Math

Belphegor's Prime Is the Prime Number of the Beast

Ancient Christian theologians and Iron Maiden fans certainly have their disagreements, but they can agree on one thing: the number of the beast. Both the 1982 heavy metal anthem and the Book of Revelations claim that the number 666 foretells the apocalypse. But mathematicians — especially number theorists — have their own number of the beast. Prime number, that is. It's called Belphegor's Prime, and its sheer size puts the original number to shame.

What Is Belphegor's Prime?

Belphegor's Prime is equal to 1,000,000,000,000,066,600,000,000,000,001. That's one nonillion, sixty-six quadrillion, six hundred trillion, and one. It's a one followed by 13 zeroes, 666, another 13 zeroes, and another one. Since the number 13 is traditionally associated with bad luck, it doubles up on the spooky connotations of the already-spooky number. It was discovered (and proven prime) by Clifford A. Pickover, who determined that it's part of a prime sequence involving the number of zeroes you can add on either side of the 666 to make a prime number (16661 is also prime). It is named after Belphegor, one of the seven princes of Hell, who is known for tempting people with the gift of discovery and invention.

What Makes 666 So Special?

The number of the beast comes from the Bible: the Book of Revelation in the New Testament, to be precise. There, you'll find verse 13:18, which says, "One who understands can calculate the number of the beast, for it is a number that stands for a person. His number is six hundred and sixty-six."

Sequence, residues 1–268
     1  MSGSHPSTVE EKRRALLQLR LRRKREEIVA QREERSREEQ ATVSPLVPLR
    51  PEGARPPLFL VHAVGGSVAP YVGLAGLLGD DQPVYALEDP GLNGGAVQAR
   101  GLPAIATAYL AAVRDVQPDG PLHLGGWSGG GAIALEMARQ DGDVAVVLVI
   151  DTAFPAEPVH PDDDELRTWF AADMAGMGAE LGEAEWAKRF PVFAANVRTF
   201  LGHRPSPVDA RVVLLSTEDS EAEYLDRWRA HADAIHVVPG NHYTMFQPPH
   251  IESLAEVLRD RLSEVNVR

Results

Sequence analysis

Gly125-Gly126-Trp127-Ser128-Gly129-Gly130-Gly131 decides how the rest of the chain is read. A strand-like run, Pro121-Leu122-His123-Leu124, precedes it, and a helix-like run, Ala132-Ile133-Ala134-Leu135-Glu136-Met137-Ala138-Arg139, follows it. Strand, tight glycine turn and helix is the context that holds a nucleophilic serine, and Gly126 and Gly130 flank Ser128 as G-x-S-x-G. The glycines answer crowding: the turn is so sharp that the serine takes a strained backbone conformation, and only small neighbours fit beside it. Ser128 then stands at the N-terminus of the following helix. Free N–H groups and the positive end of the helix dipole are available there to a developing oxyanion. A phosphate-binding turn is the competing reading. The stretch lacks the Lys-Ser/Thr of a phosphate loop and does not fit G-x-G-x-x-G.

The New Testament is pretty old, but the reason why we're superstitious about numbers in the first place is even older. Enter Pythagoras, of Pythagorean Theorem fame, who you probably learned about in school. He was one of Ancient Greece's more colorful and eccentric characters, and he believed that numbers are the underlying principle of reality. He laid down a complex quasi-religious doctrine about the meaning of various numbers, including 7's position as a holy number and 13's as an unlucky one. Since most of his works are lost, we can't tell if he's responsible for 666, but his influence on John the Revelator, author of the Book of Revelation, is clear.

Related Video: Why Do We Need a 23 Million Digit Prime Number?

Plot Twist: It Might Not Be 666

As it turns out, we may have gotten the entire number of the beast calculation wrong. It doesn't take a Bible scholar to know that the Book of Revelation wasn't written in King James English — it was written in Greek by Hebrew scholars and translated multiple times throughout the centuries. The ancients didn't use the nice, orderly numbering system we use today (that wouldn't become widespread for another thousand years or so). Instead, they wrote numbers in a way that required readers to calculate their sums, the way Roman numerals do.

The current earliest surviving manuscript of the Book of Revelation seems to indicate the number of the beast might be 616. In both cases, most historical scholars believe that the number refers to the Roman Emperor Nero, whom the Bible's authors would rightly have feared as a violent persecutor of Christians, Jews, and just about anybody else he didn't like. The apocalypse will just have to remain delayed until we can figure out which number to look out for.

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Discover more numbers that influenced civilization in "The Universal History of Numbers: From Prehistory to the Invention of the Computer" by Georges Ifrah and David Bello. We handpick reading recommendations we think you may like. If you choose to make a purchase, Curiosity will get a share of the sale.

Written by Austin Jesse Mitchell March 8, 2019

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